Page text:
The US collected data on 30,000 immigrants in Mexico


Members of the Viacrucis Migrante (Migrant Way of the Cross) held a rally in front of the US Embassy and then went to the Basilica of Guadalupe. Photo: Víctor Camacho

By: Fabiola Martínez, Andrea Becerril, Georgina Saldierna and Jaime Hernández

México maintains an agreement with the United States derived from the Merida Plan [1] that has permitted collecting data on more than 30,000 Central American immigrants in national detention centers in the past 13 months, authorities of the National Immigration Institute (INM, its initials in Spanish) admitted.

The federal body insisted that it is an ordinary practice, underway for a “long time,” within the context of the bilateral cooperation schemes in security matters, since the delivery of biometric data to officials of the United States Department of Homeland Security (DHS) was designed in 2012, in the context of the aforementioned plan, signed in June 2008 with the government of George W. Bush.

After the Washington Post published news, citing anonymous sources in the Donald Trump administration, that in the past 13 months the DHS collected fingerprints, iris scans, tattoos and scars from 30,000 people detained in Mexican immigration centers in Tapachula, Chiapas, and in Iztapalapa, in Mexico City, senators and party leaders demanded clarification of this process.

The Senate should demand information from the Foreign Ministry and the Secretariat of Governance (SG) about what the Washington Post published, since it will corroborate that the Mexican government “does the dirty work” for the United States, by creating a record for criminal purposes (“fichar”) of the Central American immigrants that cross through Mexican territory, the President of the Migratory Issues Commission, Layda Sansores, and the Vice Coordinator from the PT-Morena, Zoé Robledo warned.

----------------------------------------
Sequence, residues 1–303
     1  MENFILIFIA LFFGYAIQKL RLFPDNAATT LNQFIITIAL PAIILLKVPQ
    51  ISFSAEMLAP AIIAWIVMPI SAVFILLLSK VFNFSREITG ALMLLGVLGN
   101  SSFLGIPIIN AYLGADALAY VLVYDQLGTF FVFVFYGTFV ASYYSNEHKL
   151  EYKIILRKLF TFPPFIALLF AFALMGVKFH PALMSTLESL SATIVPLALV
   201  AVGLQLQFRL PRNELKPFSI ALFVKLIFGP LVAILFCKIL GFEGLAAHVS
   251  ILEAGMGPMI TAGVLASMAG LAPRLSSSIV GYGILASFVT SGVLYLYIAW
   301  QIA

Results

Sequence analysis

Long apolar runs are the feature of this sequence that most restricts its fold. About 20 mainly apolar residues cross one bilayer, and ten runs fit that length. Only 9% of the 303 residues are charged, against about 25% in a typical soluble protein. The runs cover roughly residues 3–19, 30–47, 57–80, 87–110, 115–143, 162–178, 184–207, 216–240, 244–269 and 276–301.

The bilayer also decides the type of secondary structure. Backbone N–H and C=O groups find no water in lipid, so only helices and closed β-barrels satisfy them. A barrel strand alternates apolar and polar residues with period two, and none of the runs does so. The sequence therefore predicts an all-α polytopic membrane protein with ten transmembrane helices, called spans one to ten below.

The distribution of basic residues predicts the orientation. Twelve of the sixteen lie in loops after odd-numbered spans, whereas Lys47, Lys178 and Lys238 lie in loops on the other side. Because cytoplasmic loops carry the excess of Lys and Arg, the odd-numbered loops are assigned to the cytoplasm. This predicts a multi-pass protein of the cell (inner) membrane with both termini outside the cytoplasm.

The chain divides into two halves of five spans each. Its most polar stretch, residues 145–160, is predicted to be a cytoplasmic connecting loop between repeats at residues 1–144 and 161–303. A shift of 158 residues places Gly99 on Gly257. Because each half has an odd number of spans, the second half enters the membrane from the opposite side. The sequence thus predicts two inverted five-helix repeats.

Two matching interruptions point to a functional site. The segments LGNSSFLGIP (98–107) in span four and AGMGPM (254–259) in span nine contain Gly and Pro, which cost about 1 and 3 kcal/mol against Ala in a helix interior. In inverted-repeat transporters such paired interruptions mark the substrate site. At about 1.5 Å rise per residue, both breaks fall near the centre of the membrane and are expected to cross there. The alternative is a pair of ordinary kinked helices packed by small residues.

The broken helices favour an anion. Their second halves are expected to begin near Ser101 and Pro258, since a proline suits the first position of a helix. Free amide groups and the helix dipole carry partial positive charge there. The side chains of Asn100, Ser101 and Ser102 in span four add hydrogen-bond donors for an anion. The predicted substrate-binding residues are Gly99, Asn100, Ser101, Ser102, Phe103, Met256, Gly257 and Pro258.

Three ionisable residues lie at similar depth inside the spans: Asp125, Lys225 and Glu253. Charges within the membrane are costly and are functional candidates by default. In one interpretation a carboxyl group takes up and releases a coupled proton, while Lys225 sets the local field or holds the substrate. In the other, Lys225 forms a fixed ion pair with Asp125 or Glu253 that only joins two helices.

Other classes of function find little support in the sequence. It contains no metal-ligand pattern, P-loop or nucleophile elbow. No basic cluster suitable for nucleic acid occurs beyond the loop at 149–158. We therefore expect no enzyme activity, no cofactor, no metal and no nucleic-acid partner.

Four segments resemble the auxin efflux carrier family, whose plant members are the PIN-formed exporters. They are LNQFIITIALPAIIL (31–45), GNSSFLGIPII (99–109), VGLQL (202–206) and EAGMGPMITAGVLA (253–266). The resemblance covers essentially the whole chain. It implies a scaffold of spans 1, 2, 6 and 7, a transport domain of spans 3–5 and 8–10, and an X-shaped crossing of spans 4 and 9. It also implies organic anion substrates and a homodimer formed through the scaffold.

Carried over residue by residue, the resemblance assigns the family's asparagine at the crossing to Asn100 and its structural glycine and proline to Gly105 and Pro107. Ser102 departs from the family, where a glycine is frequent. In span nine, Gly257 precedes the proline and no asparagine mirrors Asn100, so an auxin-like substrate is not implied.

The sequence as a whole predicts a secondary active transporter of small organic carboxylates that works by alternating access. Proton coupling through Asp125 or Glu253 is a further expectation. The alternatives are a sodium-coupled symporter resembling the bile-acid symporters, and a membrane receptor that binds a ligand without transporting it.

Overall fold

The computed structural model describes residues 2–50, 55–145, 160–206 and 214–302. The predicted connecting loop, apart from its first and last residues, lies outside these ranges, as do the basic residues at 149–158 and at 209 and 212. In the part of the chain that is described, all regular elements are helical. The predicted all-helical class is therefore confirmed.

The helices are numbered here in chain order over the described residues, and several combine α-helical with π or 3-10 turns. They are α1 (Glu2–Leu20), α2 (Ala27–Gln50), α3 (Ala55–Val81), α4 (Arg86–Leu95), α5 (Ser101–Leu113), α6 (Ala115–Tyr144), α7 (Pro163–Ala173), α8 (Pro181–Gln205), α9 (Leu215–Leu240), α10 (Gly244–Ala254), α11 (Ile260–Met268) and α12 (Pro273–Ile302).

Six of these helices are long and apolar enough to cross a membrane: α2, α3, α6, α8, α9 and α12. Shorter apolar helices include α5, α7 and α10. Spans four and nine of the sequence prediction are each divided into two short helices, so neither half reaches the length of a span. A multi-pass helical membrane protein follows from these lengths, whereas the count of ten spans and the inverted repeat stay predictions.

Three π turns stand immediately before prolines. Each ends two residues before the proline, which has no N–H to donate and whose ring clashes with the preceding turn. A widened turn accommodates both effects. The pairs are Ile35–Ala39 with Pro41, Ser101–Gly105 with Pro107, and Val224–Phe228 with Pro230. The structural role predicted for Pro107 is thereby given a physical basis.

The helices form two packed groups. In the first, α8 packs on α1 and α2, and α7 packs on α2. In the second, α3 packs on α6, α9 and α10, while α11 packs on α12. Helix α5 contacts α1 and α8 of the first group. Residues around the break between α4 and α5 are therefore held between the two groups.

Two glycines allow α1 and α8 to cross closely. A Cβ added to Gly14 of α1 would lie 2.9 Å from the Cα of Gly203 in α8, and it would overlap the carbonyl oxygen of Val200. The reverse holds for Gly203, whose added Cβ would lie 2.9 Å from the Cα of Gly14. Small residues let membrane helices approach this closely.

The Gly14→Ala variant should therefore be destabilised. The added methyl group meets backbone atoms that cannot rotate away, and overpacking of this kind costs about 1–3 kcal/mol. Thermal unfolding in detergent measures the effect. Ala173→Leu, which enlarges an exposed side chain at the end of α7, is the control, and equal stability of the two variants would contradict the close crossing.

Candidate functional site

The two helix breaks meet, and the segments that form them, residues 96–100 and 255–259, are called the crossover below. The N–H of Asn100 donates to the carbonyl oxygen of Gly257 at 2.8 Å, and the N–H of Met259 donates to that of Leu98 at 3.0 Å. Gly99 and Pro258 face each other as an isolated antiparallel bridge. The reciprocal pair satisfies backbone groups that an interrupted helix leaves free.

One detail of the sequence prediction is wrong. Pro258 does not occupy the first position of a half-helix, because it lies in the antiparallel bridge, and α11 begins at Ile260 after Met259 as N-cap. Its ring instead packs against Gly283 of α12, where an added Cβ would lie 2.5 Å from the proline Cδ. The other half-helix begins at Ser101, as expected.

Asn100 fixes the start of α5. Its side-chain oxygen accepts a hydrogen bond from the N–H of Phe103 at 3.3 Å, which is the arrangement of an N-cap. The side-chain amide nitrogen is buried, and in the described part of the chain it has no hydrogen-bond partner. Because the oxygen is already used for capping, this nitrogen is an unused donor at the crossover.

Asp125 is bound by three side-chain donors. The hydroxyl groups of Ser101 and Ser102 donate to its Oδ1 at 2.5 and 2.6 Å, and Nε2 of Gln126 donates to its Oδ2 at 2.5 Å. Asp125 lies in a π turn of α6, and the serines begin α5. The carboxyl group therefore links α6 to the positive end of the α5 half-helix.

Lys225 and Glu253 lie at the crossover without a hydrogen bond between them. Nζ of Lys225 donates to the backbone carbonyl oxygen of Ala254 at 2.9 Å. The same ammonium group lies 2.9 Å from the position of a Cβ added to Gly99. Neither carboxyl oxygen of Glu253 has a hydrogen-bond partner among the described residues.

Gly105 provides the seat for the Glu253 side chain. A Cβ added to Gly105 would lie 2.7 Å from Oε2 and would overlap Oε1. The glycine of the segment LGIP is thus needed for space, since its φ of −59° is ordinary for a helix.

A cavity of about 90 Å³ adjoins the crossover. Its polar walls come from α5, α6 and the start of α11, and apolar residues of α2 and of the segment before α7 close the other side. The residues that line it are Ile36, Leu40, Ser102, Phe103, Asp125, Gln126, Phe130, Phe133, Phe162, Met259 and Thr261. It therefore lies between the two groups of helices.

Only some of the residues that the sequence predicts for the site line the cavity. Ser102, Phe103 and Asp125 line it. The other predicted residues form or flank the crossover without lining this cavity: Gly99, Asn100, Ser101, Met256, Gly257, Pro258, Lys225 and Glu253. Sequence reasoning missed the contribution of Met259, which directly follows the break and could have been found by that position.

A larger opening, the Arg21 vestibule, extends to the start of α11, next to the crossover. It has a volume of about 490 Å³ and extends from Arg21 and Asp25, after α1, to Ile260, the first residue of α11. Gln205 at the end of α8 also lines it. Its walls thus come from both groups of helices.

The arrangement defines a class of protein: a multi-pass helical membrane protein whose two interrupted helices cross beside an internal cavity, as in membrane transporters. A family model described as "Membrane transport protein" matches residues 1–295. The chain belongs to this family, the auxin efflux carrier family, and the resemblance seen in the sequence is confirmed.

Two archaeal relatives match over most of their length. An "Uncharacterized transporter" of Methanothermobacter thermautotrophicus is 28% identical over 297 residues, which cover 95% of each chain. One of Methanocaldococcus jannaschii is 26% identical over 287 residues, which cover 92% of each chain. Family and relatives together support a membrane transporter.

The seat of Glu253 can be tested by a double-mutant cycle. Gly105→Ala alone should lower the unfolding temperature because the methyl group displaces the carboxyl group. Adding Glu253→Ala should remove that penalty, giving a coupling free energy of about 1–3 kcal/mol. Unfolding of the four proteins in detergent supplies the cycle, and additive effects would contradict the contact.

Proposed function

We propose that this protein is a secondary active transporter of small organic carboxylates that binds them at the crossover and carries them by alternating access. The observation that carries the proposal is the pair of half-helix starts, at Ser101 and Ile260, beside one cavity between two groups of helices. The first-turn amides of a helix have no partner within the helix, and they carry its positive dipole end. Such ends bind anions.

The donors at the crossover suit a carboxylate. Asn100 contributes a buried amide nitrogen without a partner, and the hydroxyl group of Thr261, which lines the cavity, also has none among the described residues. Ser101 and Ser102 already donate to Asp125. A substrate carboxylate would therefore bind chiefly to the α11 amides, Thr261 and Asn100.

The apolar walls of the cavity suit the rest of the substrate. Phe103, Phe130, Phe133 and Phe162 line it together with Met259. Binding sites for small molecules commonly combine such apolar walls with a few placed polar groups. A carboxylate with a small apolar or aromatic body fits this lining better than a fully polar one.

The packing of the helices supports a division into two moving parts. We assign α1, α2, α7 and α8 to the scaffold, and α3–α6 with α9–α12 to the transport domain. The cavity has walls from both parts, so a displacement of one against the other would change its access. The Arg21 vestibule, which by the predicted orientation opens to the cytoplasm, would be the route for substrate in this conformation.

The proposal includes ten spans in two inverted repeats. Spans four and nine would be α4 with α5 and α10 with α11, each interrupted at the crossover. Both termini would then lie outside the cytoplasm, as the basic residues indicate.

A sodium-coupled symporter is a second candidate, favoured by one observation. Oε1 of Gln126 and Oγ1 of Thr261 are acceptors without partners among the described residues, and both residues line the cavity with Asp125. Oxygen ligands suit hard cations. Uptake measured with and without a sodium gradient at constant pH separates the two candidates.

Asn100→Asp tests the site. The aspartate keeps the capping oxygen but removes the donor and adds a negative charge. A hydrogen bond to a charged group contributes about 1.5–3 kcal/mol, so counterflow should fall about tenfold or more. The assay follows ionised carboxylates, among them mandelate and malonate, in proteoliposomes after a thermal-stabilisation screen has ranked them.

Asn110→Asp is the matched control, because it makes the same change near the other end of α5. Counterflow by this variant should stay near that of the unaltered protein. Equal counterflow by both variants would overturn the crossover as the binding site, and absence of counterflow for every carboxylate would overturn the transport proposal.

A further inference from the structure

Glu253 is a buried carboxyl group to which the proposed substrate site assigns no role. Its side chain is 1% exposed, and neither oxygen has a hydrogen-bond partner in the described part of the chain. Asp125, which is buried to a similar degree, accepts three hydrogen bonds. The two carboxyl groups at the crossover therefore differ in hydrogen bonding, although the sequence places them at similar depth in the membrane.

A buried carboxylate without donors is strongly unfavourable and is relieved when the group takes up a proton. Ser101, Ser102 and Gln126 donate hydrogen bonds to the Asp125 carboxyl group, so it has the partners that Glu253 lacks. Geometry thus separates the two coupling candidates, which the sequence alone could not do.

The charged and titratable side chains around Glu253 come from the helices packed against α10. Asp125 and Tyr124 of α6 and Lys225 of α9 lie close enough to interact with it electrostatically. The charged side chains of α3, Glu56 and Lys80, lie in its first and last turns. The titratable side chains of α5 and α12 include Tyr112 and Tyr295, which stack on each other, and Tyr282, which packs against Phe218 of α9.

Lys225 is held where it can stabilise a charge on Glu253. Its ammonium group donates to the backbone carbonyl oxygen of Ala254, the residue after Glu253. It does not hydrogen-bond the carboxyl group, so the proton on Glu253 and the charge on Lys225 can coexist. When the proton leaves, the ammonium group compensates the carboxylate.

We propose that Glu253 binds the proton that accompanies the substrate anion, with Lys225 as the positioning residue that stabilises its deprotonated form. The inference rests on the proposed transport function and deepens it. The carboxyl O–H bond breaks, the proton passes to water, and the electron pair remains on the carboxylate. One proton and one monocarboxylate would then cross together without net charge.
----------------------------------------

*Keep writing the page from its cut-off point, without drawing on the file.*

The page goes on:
Meanwhile, the Secretary General of the PRD, Ángel Ávila, demanded that the Senate call the Secretaries of Governance and Foreign Relations to testify, as well as the head of the INM, to know if, in effect, a secret protocol is being applied that implies violations of the human rights of the immigrants.

Monitoring of the undocumented

Different newspapers in the United States re-published the note in the Post in which it was revealed that DHS agents had “unprecedented access” to the immigration detention centers in Mexico, and even would be thinking about expanding the program to Tijuana and Mexicali, in Baja California, and to Reynosa, in Tamaulipas, for the purpose of “monitoring every migrant in custody in Mexico.”

The newspaper points out that the Mexican government has kept the program secret to avoid criticism from those who distrust US surveillance systems.

In that regard, the INM responded, in an information card, that the use of biometric data platforms (which include fingerprint, iris and face images, among others) is a “basic input, necessary in the migratory management of Mexico and in different countries of the world.” It assured that the protection of personal data is guaranteed in this process.

It added that as an assisting organism in public and national security matters it has the ability to carry out consultations with other nations, a “situation that takes place with authorities of countries in North America, Central America, South America and Europe, always respecting national legislation.”